Findings from default analysis can also enable lenders to proactively identify subprime loans trending toward delinquency. Analysis of current portfolios can reveal loans with characteristics closely matching loans that have defaulted. With this information in hand, lenders should contact borrowers likely to become delinquent and offer alternative loan structures to circumvent the occurrence.

Trended and Alternative Data Improve Lending Decisions

Lenders can minimize their exposure to a subprime bubble by taking advantage of the latest credit and consumer data resources. These data augment traditional credit scores to provide confident, well-reasoned lending decisions.

Trended Credit Data: History, Not Just a Snapshot

Trended credit data can add more context to a simple credit score by letting lenders review as much as 30 months of tradeline history to evaluate payment trends. Compared with the snapshot of financial strength provided by a credit score, details on the consistency of monthly payments can indicate increasing or decreasing financial resources.

 

Although two consumers may have the same credit score, a consumer who consistently pays more than the required minimum credit card payment represents less risk than a consumer who pays the minimum and has taken out a payday loan and repaid it promptly. The insight provided by trended credit data can increase your confidence in making lending decisions that reduce exposure to subprime defaults.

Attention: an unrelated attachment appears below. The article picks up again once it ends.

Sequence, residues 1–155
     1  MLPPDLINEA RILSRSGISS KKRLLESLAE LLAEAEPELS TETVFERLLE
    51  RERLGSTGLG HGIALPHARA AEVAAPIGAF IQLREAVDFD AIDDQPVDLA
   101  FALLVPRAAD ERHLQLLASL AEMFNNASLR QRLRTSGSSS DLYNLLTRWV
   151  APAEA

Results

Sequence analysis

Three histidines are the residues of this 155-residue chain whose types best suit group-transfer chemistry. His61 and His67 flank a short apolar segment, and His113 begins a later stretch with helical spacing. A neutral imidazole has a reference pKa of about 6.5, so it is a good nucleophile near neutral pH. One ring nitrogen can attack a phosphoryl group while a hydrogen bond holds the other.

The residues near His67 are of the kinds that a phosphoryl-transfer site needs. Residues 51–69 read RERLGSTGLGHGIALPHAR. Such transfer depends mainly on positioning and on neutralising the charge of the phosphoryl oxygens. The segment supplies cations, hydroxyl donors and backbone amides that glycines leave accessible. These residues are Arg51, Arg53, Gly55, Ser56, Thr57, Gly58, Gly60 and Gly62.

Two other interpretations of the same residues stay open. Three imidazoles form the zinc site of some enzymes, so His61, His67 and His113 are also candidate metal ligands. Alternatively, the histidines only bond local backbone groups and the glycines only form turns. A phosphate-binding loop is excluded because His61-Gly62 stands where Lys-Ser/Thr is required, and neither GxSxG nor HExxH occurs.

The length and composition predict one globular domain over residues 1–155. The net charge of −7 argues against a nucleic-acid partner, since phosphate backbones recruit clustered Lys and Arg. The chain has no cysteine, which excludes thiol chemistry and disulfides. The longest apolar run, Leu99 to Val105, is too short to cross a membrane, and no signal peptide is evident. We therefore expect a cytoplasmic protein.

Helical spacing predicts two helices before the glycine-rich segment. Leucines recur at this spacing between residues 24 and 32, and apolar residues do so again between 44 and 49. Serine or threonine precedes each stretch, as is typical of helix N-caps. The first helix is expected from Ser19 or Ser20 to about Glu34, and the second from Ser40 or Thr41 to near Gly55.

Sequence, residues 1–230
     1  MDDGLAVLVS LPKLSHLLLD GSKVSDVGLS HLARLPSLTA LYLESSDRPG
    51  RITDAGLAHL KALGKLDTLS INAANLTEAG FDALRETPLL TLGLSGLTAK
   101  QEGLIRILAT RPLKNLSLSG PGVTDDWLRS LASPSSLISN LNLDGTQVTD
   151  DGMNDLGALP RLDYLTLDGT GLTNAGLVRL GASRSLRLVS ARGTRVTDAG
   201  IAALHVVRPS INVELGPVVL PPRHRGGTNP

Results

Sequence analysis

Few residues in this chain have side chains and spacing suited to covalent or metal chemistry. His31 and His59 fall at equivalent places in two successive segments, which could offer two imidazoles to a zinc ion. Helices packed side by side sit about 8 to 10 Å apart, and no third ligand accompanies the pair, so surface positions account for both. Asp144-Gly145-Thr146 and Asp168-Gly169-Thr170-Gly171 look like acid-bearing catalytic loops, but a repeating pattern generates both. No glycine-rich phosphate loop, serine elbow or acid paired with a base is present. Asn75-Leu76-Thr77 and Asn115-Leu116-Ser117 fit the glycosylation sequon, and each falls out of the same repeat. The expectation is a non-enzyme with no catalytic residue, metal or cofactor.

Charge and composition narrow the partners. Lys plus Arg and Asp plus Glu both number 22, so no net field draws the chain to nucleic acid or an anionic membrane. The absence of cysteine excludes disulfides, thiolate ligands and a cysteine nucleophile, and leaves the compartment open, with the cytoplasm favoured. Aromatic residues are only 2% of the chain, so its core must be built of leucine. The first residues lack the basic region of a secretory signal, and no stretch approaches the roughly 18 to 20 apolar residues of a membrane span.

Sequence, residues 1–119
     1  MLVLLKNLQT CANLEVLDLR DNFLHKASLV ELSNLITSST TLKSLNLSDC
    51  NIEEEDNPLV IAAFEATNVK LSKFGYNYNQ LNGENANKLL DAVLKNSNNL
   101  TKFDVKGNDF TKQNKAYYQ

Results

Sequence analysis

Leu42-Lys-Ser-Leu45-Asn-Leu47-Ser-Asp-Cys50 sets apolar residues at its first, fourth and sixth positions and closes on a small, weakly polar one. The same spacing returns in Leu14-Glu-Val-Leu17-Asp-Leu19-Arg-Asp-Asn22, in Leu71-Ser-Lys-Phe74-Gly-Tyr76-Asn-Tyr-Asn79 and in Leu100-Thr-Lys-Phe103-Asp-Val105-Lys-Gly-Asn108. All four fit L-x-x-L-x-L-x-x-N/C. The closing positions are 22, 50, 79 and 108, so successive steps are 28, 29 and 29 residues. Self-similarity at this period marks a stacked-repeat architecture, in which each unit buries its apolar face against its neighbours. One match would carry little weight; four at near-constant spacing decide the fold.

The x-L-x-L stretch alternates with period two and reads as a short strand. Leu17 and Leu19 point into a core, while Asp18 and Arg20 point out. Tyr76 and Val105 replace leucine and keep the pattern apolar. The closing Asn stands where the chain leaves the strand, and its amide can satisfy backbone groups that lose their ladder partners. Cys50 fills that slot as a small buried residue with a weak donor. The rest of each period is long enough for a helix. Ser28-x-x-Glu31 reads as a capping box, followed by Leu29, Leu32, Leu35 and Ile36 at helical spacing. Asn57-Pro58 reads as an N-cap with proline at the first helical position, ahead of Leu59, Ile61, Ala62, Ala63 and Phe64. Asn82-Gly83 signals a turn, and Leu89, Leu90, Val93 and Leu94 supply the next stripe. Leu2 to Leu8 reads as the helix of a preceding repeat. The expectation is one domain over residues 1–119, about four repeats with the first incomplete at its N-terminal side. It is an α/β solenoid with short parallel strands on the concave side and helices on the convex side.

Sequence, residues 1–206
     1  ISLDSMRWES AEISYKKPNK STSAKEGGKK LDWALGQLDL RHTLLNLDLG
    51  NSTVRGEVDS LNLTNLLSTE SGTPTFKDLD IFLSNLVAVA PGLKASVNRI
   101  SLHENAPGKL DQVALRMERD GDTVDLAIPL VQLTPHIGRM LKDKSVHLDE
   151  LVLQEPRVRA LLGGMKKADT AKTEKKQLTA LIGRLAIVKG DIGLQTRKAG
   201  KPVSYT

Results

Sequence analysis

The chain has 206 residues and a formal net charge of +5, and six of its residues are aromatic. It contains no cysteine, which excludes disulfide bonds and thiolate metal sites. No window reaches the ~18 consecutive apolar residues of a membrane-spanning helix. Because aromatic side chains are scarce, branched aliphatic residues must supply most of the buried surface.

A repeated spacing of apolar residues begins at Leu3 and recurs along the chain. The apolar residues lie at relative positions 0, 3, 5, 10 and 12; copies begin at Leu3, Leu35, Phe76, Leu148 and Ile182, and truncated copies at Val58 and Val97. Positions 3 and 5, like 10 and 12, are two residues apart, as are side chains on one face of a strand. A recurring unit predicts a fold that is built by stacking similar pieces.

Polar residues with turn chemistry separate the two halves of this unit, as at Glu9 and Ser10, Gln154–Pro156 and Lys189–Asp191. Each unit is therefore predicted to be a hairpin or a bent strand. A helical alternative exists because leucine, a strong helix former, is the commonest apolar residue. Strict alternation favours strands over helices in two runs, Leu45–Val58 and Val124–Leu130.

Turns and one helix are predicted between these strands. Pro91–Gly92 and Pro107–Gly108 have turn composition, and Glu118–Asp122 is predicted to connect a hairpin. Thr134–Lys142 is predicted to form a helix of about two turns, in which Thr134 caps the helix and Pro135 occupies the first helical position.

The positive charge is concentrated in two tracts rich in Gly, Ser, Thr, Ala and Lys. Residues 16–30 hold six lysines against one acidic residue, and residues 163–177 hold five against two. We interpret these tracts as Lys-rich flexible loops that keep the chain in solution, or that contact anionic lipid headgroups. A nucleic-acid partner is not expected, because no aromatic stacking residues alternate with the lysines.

Alternative Credit Data Provides a More Detailed Picture  

Lenders focused on subprime should also take advantage of alternative credit data to obtain a more detailed understanding of an applicant’s financial strength. Alternative credit data includes consumer data like utility and cellphone payments, change of address, rental payments, and public records. The additional information helps lenders reduce subprime loan risk with a clearer picture of an applicant’s ability to repay. An applicant with a subprime score who has moved a lot in the past three years is a higher risk than someone who’s been in the same apartment complex for four years and has not missed a cellphone payment.  

Subprime Auto Bubble or Not, Lenders Have the Resources to Protect Portfolio and Profit

Are we on the verge of a subprime auto bubble? As someone involved for many years in auto lending, we hope not. Regardless of the market’s direction, we think proactive subprime lenders will 1) Use analytics to spot potential subprime defaults; and 2) Offer borrowers trending toward delinquencies alternative deal structures.

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Getting Started

defi SOLUTIONS loan origination and analytics software experts understand the challenges of the subprime markets. We offer the latest in fintech capabilities to help lenders proactively identify and reduce risk. Take the first steps toward data-driven lending decisions by contacting our team today or registering for a demo of defi LOS.